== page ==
Polemic on a Trump rally, a woman elected to treat her as "fascist"

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Washington – "I'm convinced it's a fascist": Democratic leader Ilhan Omar responded to Donald Trump on Thursday after a campaign rally by the US president where it was violently targeted by his supporters.

"It's not about me, it's about our fight for what our country really should be", launched the girl from Minnesota (north), daughter of Somali refugees, to which Mr. Trump advised"return"in his country of origin.

The young woman of Muslim faith, whose statements about Israel a few months ago provoked a strong controversy, denounced with force the will of Mr. Trump to silence "democratic debate and differences of opinion".

"Return it! Return it!"chanted Wednesday night in North Carolina hundreds of supporters of the Republican billionaire, galvanized by the latter at a meeting"Make America Great Again".

At 473 days of the election, this meeting in Greenville may have been a turning point.

– Wave of indignation –

Faced with the outcry, the billionaire septuagenarian tried Thursday, without convincing, to distance himself from this sequence that caused a wave of indignation across the United States.

"I did not like it. I do not agree with that", he said, assuring – obviously – that he tried to stop these songs by quickly speaking again.

Standing behind a podium bearing the presidential seal, he has never, at any time, tried to calm the crowd, listening without saying a word this new slogan which echoes, in another register, the famous "Lock it!"chanted in 2016 regarding Democratic candidate Hillary Clinton.

With ironic points in support, he ginned the names of the four elected minority Democrats whom he attacked with violence for four days. In an electric atmosphere, he multiplied the spades.

If he wants to stay in the White House for four more years, Donald Trump will have to repeat the feat of 2016 when he won three key states: Michigan, Pennsylvania, Wisconsin.

After two years and a half chaotic, he could have, as hoped some conservative voices, opt for a form of presidentialization. He made the opposite choice: to blow on the embers of racial tensions to ensure the support of its electoral base, mostly white.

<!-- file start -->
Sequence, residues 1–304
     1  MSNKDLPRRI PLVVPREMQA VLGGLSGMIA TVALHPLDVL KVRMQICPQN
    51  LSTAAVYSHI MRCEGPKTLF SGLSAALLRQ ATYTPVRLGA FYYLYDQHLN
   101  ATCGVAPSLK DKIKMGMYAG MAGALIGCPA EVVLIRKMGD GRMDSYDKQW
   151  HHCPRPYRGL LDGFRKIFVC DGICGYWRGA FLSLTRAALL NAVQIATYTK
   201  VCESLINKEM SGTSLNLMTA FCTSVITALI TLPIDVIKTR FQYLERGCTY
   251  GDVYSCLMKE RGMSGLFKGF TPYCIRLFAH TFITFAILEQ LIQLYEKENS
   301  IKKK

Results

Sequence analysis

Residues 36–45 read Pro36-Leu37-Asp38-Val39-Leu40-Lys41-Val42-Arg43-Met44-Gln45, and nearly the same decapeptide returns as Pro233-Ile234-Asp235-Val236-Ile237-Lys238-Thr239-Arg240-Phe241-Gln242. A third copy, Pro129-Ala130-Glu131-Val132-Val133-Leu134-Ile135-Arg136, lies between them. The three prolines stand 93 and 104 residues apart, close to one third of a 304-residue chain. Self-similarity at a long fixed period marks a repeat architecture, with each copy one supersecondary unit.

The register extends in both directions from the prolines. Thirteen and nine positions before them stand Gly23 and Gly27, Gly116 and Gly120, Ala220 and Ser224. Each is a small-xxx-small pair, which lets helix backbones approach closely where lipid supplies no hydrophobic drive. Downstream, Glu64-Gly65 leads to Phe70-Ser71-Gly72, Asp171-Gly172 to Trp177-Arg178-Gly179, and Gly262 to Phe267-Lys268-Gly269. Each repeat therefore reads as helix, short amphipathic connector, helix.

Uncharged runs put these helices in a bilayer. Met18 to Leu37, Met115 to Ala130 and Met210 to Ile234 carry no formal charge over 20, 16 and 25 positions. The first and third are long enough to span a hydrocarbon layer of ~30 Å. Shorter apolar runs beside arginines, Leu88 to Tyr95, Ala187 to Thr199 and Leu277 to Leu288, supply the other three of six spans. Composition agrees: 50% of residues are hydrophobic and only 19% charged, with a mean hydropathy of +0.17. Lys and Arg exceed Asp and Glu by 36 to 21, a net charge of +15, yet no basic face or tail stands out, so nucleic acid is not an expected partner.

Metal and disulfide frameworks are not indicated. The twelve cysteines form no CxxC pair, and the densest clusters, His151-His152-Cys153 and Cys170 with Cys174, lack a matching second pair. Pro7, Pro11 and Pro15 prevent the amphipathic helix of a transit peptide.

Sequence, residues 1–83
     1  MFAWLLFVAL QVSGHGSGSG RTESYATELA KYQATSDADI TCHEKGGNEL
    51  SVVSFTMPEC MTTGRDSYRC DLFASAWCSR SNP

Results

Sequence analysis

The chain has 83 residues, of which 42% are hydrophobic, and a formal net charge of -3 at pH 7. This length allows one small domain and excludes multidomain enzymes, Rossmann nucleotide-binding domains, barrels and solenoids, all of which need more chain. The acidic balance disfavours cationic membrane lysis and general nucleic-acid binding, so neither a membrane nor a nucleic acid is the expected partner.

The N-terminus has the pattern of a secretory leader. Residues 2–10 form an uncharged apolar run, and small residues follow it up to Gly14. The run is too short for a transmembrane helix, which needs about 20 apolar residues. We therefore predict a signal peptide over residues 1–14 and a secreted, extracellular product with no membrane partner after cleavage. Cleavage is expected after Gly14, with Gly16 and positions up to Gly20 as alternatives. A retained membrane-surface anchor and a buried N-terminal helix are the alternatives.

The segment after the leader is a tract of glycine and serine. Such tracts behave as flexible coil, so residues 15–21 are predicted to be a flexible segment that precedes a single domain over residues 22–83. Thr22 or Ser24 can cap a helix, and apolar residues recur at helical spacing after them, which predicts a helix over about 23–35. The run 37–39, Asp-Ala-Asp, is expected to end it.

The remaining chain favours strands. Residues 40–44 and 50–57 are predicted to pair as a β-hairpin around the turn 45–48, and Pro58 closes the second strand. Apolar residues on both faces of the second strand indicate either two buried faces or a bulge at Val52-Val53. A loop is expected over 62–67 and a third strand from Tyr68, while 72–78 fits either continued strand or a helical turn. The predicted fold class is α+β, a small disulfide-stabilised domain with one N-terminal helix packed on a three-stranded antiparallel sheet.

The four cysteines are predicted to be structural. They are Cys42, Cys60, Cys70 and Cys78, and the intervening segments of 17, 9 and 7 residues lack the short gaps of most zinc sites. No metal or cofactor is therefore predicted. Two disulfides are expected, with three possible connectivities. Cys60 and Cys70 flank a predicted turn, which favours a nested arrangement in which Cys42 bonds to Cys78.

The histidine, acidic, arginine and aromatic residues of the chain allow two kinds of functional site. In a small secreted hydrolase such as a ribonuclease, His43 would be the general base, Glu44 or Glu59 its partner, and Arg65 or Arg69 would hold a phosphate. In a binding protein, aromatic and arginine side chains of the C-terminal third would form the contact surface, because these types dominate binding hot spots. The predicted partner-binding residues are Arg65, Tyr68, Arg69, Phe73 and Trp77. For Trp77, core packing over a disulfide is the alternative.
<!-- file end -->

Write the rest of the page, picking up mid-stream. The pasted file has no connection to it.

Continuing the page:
"He needs his 2016 electorate to mobilize, in all voices without exception. He thinks it's the right strategy to electrify them", summarizes Wendy Schiller, who teaches political science at Brown University.

According to her, "the risk is that it mobilizes its electoral base but, in doing so, also strongly mobilizes the democratic electoral base".

– "Vile and cowardly"-

For the time being, Donald Trump is going for it. And hardens every day a little more his rhetoric, repeating at will his new line of attack: "They do not like our country. You know what? If they do not like it, tell them to leave!"

"To vote for a democrat in 2020, whatever it is, is to vote for the rise of radical socialism, the destruction of the American dream and, to put it clearly, the destruction of our country", he concluded Wednesday evening, unusual remarks in the mouth of a US president.

The footage provoked outrage in the Democratic camp.

"It's ignoble. Is loose. It's xenophobic. It's racist. That defiles the presidential function", responded Democratic Senator Kamala Harris, candidate for the succession of Donald Trump.

There remains the question of the attitude of the Republican Party.

The reaction is, for the time being, the same as every polemic with xenophobic accents triggered by the former businessman of New York: some voices rise to express their indignation but the party's tenors are block, minimizing the words or pretending to look elsewhere.

Thursday morning, a moderate elected to the Grand Old Party made his difference: Adam Kinzinger.

"I disagree deeply with the extreme left and I was sickened by their tone", tweeted the young elected from Illinois."But I woke up this morning disgusted: slogans + Send it back!"are disgusting and would make our founding fathers tremble".

Another voice, that of Anthony Scaramucci, ephemeral director of communication of the White House, was heard.


Judging the presidential tweets "racist and unacceptable"he warned him:"The President must understand that if he continues in this direction, a block of voters will break off like an iceberg that breaks and moves away.".

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